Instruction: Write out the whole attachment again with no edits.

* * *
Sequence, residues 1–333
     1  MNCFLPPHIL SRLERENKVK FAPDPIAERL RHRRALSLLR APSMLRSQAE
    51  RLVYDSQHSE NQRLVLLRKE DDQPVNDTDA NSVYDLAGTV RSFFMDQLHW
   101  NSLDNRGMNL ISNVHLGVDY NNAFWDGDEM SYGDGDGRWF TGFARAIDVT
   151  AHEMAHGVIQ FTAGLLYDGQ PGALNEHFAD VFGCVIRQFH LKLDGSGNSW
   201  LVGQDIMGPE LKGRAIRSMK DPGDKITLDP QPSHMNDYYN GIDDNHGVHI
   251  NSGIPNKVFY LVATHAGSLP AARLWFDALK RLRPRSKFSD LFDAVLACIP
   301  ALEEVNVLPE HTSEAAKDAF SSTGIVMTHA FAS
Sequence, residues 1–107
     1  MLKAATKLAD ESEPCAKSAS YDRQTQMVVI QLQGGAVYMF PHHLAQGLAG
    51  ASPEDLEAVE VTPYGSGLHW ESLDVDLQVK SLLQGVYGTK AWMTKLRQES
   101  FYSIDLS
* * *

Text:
Sequence, residues 1–333
     1  MNCFLPPHIL SRLERENKVK FAPDPIAERL RHRRALSLLR APSMLRSQAE
    51  RLVYDSQHSE NQRLVLLRKE DDQPVNDTDA NSVYDLAGTV RSFFMDQLHW
   101  NSLDNRGMNL ISNVHLGVDY NNAFWDGDEM SYGDGDGRWF TGFARAIDVT
   151  AHEMAHGVIQ FTAGLLYDGQ PGALNEHFAD VFGCVIRQFH LKLDGSGNSW
   201  LVGQDIMGPE LKGRAIRSMK DPGDKITLDP QPSHMNDYYN GIDDNHGVHI
   251  NSGIPNKVFY LVATHAGSLP AARLWFDALK RLRPRSKFSD LFDAVLACIP
   301  ALEEVNVLPE HTSEAAKDAF SSTGIVMTHA FAS
Sequence, residues 1–107
     1  MLKAATKLAD ESEPCAKSAS YDRQTQMVVI QLQGGAVYMF PHHLAQGLAG
    51  ASPEDLEAVE VTPYGSGLHW ESLDVDLQVK SLLQGVYGTK AWMTKLRQES
   101  FYSIDLS